- The U.S. Securities and Exchange Commission temporarily suspends trading in shares of The Crypto Co. on concerns about "accuracy and adequacy" of information about the company.
- The stock has soared more than 2,700 percent this month, just as several other small names have surged on news of ties to cryptocurrencies and the blockchain technology behind them.
- The company went public in June by acquiring Croe, which says on its website that it is "a developmental stage fitness apparel company," primarily for sports bras.
The U.S. Securities and Exchange Commission temporarily suspended trading Tuesday in shares of The Crypto Co., whose stock has surged more than 2,700 percent this month.
The suspension will last until midnight Jan. 3, according to a release.
The commission cited concerns about the "accuracy and adequacy of information in the marketplace about, among other things, the compensation paid for promotion of the company, and statements in Commission filings about the plans of the company's insiders to sell their shares of The Crypto Company's common stock."
"Questions have also arisen concerning potentially manipulative transactions in the company's stock in November 2017," the release said.
The Crypto Co. did not immediately respond to a CNBC request for comment. The latest jump in its share price gives the company a market value of more than $11 billion, according to FactSet. The company's shares last traded at $575.
"There are a lot of companies taking advantage of the euphoria associated with this space, and we do not want be associated with them," CEO Mike Poutre said in a release last week announcing a 10-for-1 stock split. "We want people to pay attention to the business we are building, not the hype of a stock or the cryptocurrency world."
On Dec. 4, the California-based company announced it had launched the first phase of trading operations and platforms for digital currencies.
Crypto Co. was incorporated in March and its stated businesses include advising, investing and trading digital assets, according to a filing. The company went public in June by acquiring Croe, which says on its website that it is "a developmental stage fitness apparel company," primarily for sports bras.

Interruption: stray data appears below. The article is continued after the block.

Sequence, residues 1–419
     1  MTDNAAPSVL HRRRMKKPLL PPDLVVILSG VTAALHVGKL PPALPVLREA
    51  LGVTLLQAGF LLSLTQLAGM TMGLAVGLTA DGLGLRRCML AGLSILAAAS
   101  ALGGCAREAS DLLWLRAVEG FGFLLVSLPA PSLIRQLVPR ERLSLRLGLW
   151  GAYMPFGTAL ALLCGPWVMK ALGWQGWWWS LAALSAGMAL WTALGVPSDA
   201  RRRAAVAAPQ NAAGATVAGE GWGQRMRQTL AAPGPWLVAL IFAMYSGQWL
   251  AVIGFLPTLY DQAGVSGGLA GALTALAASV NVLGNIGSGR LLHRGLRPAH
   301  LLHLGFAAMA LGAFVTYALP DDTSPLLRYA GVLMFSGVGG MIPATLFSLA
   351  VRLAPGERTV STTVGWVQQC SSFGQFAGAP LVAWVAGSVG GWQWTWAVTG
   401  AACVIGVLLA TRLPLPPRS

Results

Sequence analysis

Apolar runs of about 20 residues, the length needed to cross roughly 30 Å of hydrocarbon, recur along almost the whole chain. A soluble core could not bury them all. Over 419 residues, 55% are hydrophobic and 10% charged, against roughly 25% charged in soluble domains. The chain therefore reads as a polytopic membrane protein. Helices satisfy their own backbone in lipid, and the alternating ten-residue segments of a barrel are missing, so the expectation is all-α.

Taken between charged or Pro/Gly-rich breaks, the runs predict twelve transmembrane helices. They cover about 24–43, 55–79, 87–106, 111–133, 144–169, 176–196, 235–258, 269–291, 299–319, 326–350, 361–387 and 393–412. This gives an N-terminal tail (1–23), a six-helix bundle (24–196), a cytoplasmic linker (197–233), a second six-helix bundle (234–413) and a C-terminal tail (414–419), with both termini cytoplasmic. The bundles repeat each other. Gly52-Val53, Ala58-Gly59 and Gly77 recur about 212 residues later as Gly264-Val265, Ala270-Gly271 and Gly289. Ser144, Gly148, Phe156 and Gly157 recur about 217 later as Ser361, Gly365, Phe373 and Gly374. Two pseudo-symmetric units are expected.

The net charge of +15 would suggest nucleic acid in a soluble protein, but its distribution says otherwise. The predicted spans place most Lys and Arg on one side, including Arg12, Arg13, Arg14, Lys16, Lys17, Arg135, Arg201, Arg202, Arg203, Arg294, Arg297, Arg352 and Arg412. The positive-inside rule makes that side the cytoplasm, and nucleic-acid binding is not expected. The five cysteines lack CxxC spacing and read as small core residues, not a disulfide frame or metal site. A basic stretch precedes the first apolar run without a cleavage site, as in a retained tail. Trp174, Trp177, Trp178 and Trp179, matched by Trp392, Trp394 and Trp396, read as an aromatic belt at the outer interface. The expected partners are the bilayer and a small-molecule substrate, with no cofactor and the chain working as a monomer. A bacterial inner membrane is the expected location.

Bitcoin traded 3.9 percent lower Tuesday near $18,150 on Coinbase, the leading U.S. platform for buying, selling and trading major cryptocurrencies. The digital currency itself has soared 2,000 percent in the last 12 months.
Several other small companies have seen their stock surge dramatically after announcements that tied them to bitcoin or the blockchain technology behind the cryptocurrency.
Financial technology company Longfin grabbed investors attention Monday with a brief two-day surge of more than 2,500 percent after saying it was acquiring Ziddu.com, which says it's a microlending company based on blockchain. Longfin's CEO and Chairman, Venkat Meenavalli, said Monday on CNBC's "Fast Money" that "this market cap is not justified."
The SEC has been more active in trying to limit speculative activity related to bitcoin and token sales, also known as initial coin offerings.
The commission's chairman, Jay Clayton, warned in a lengthy statement earlier this month about the dangers of investing in cryptocurrencies and initial coin offerings.
In August, the SEC temporarily suspended trading in three stocks due to questions about the companies' claims regarding investments in initial coin offerings or other token-related news. The agency also published an investor bulletin in July warning investors about the risks of participating in initial coin offerings.